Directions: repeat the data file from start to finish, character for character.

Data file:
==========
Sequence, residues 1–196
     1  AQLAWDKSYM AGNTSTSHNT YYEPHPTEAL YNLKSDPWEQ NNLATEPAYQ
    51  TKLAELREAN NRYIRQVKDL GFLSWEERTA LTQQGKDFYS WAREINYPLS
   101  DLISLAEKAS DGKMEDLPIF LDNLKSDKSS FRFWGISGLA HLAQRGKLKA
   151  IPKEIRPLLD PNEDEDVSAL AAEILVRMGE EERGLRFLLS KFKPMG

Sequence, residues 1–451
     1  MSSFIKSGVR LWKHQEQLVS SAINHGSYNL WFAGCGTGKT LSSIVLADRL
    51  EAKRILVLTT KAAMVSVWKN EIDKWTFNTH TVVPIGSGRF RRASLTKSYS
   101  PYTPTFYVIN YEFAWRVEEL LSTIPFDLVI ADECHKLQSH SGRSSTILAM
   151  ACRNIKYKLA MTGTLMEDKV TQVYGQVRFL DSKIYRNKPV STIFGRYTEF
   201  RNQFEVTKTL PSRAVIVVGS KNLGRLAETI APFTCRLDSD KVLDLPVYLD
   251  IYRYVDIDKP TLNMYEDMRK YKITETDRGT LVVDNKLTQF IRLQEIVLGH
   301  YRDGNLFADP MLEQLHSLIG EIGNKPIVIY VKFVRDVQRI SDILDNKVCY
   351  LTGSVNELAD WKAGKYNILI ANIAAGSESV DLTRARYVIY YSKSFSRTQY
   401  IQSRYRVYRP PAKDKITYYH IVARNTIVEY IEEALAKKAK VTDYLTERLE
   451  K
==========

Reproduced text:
Sequence, residues 1–196
     1  AQLAWDKSYM AGNTSTSHNT YYEPHPTEAL YNLKSDPWEQ NNLATEPAYQ
    51  TKLAELREAN NRYIRQVKDL GFLSWEERTA LTQQGKDFYS WAREINYPLS
   101  DLISLAEKAS DGKMEDLPIF LDNLKSDKSS FRFWGISGLA HLAQRGKLKA
   151  IPKEIRPLLD PNEDEDVSAL AAEILVRMGE EERGLRFLLS KFKPMG

Sequence, residues 1–451
     1  MSSFIKSGVR LWKHQEQLVS SAINHGSYNL WFAGCGTGKT LSSIVLADRL
    51  EAKRILVLTT KAAMVSVWKN EIDKWTFNTH TVVPIGSGRF RRASLTKSYS
   101  PYTPTFYVIN YEFAWRVEEL LSTIPFDLVI ADECHKLQSH SGRSSTILAM
   151  ACRNIKYKLA MTGTLMEDKV TQVYGQVRFL DSKIYRNKPV STIFGRYTEF
   201  RNQFEVTKTL PSRAVIVVGS KNLGRLAETI APFTCRLDSD KVLDLPVYLD
   251  IYRYVDIDKP TLNMYEDMRK YKITETDRGT LVVDNKLTQF IRLQEIVLGH
   301  YRDGNLFADP MLEQLHSLIG EIGNKPIVIY VKFVRDVQRI SDILDNKVCY
   351  LTGSVNELAD WKAGKYNILI ANIAAGSESV DLTRARYVIY YSKSFSRTQY
   401  IQSRYRVYRP PAKDKITYYH IVARNTIVEY IEEALAKKAK VTDYLTERLE
   451  K